What’s Self-care?

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So, what’s the hype around the concept of self-care? Is this just another buzzword that millennials made up? These are the questions that I’ve been asking myself over the past couple of years while scrolling my newsfeed to find shared post after shared post with the bolded word self-care. Obviously, I didn’t do too much reading. But thinking on this term now, and my own rhythms of life, self-care seems essential and not so selfish. I’ve also found that the reason we are sharing about it, or using the word so much, is because it’s a universal need. 

Self-care is exactly what it implies, caring for oneself. That’s not so complex, unless you get in the way of yourself. Though that seems like a selfish concept, it’s not, because taking time to ourselves and getting adequate rest gives us all the ability to keep caring for others too. But as a mom, it’s such a hard thing to do in practice. Whether it’s the self-doubt or comparison or even just the desire to care for our children’s every need at all times, we get in the way.

I distinctly remember the first time I went and got my hair cut after having my daughter. (This was obviously a pivotal moment because I took the picture above at that time). It was months after having her, and I was back at work. My mother-in-law had kept her for me all day, but had insisted that I go do something for myself. It felt completely counter-intuitive and even counterproductive to drive in the opposite direction of home after working all day to do something that seemed so trivial as getting my hair cut. I was full of guilt and doubt, and I couldn’t fully enjoy the moment, honestly. Could my hair have gone longer without getting a trim? Sure! But it wasn’t about that, it was about making a decision early on in motherhood that I am still important and deserve to be taken care of too. If I’m going to teach my daughter that she is valuable, I need to model that I value myself. We can too easily fall into the lie trap that when we are apart from our children, we aren’t loving our children; but more times than not, that is the furthest thing from the truth.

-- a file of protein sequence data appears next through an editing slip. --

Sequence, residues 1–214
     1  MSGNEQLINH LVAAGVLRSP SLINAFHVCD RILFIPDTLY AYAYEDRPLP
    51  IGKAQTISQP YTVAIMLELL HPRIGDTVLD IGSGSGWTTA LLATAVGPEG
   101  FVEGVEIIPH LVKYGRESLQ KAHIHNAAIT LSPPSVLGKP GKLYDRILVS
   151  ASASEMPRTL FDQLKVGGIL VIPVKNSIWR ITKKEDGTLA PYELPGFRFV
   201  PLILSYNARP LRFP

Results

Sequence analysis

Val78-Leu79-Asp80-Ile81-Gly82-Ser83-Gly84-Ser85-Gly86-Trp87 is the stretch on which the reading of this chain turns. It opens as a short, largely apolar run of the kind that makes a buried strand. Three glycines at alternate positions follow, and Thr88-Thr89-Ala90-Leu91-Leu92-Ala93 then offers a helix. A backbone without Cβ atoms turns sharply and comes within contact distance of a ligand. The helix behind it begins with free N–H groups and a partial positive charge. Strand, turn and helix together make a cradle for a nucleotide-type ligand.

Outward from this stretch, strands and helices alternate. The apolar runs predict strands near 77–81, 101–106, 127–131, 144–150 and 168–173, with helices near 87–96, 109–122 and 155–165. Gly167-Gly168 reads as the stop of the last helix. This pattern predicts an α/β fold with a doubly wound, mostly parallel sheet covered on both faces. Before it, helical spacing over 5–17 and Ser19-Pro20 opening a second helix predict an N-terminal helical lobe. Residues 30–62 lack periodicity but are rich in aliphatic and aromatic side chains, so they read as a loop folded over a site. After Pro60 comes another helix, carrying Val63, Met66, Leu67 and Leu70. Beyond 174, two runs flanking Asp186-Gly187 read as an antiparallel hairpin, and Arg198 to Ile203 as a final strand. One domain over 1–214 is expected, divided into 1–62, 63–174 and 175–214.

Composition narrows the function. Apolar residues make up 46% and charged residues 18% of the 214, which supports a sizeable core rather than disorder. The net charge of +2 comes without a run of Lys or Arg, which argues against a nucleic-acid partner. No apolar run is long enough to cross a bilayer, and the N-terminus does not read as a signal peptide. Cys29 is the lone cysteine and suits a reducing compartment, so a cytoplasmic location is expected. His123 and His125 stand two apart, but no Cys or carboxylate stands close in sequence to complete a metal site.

Furthermore, I can best take care my people when I’m taken care of too. We all know that when we are hungry, tired, or juggling too many things, we are prone to have a short fuse with the ones we love most. We are human after all, just like our sweet little ones.

So my thought on self-care is this: if you can’t do it for yourself, then do it for your family.

Ways to take care of yourself and re-energize for your family:

  • Ask for alone time. How refreshing can nap time be when you let it be quiet time for you too? Or heck, take a nap for yourself! Being refreshed and rejuvenated so that you can be present and purposeful with your family is crucial to health.
  • Enjoy something luxurious. – This can be something as simple as a nice, warm nightly bath (my personal favorite!) or splurge on a massage. Just do something that is not necessary but so very needed.
  • Find a new hobby or goal. Some of us enjoy running, while others of us (hi!) find that to be the worst form of torture. So maybe it’s painting or learning calligraphy instead? Find something that brings you joy and do it!
  • Go to counseling. I don’t think this is ever a bad idea. Whether you need to seek help on something that’s immediate, or perhaps there’s a long-term issue that’s hard to let go of, it’s just nice to have someone listen and help you work it out. Knowing that you’ve resolved or are resolving personal issues so that you can fully invest in your family is such a blessing.
  • Say no more. Women are notorious for not being good at this. But it’s really important that we all learn how to set limits, and determine what’s most important for you and for your family. 
  • Spend adult-only time. Work doesn’t count! You can take a trip with your spouse or go to dinner with your girlfriends, but do something that gives you the freedom to take a bit of a break.

You can do it, Mama, take care of yourself and your little one(s)! The two don’t need to be mutually exclusive. 

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Hayden originally moved to Birmingham to attend Samford University. She studied journalism and sociology, but returned to graduate school at UAB after finding her true calling in career as an English teacher. While in graduate school Hayden met her now husband, Andy, who moved back “home” from Auburn to start his adult life. In a whirlwind romance, Hayden and Andy truly grew up together in their short courtship, and got engaged six months later. Hayden and Andy have now been married going on five years, and they live in Ross Bridge with their joy-giving toddler daughter Abigail. Hayden enjoys spending time with family, traveling to experience other cultures and food, entertaining and hospitality at home, building community in her church, cultivating friendships -- old and new alike, getting caught up in a good book with a cup of coffee in the morning or glass of wine at night, teaching children that knowledge is indeed power, and writing to process her thoughts. Above all, she truly desires to see God glorified in all aspects of her life.